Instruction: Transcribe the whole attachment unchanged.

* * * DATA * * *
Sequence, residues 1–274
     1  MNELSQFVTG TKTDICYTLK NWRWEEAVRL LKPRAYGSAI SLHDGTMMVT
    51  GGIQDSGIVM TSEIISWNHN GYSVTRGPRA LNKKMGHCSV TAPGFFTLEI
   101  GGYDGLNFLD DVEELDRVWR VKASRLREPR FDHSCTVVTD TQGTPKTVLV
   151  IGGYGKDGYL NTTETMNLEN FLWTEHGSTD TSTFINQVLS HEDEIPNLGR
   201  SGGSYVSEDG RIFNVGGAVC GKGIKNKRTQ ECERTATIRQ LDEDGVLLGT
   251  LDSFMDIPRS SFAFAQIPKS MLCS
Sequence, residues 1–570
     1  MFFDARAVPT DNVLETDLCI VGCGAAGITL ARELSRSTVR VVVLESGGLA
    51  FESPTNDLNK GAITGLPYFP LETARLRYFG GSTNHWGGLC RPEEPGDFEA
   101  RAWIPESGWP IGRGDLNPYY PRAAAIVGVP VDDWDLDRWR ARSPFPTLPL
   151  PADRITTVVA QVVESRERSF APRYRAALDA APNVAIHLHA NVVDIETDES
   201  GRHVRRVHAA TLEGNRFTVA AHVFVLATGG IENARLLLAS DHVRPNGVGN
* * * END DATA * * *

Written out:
Sequence, residues 1–274
     1  MNELSQFVTG TKTDICYTLK NWRWEEAVRL LKPRAYGSAI SLHDGTMMVT
    51  GGIQDSGIVM TSEIISWNHN GYSVTRGPRA LNKKMGHCSV TAPGFFTLEI
   101  GGYDGLNFLD DVEELDRVWR VKASRLREPR FDHSCTVVTD TQGTPKTVLV
   151  IGGYGKDGYL NTTETMNLEN FLWTEHGSTD TSTFINQVLS HEDEIPNLGR
   201  SGGSYVSEDG RIFNVGGAVC GKGIKNKRTQ ECERTATIRQ LDEDGVLLGT
   251  LDSFMDIPRS SFAFAQIPKS MLCS
Sequence, residues 1–570
     1  MFFDARAVPT DNVLETDLCI VGCGAAGITL ARELSRSTVR VVVLESGGLA
    51  FESPTNDLNK GAITGLPYFP LETARLRYFG GSTNHWGGLC RPEEPGDFEA
   101  RAWIPESGWP IGRGDLNPYY PRAAAIVGVP VDDWDLDRWR ARSPFPTLPL
   151  PADRITTVVA QVVESRERSF APRYRAALDA APNVAIHLHA NVVDIETDES
   201  GRHVRRVHAA TLEGNRFTVA AHVFVLATGG IENARLLLAS DHVRPNGVGN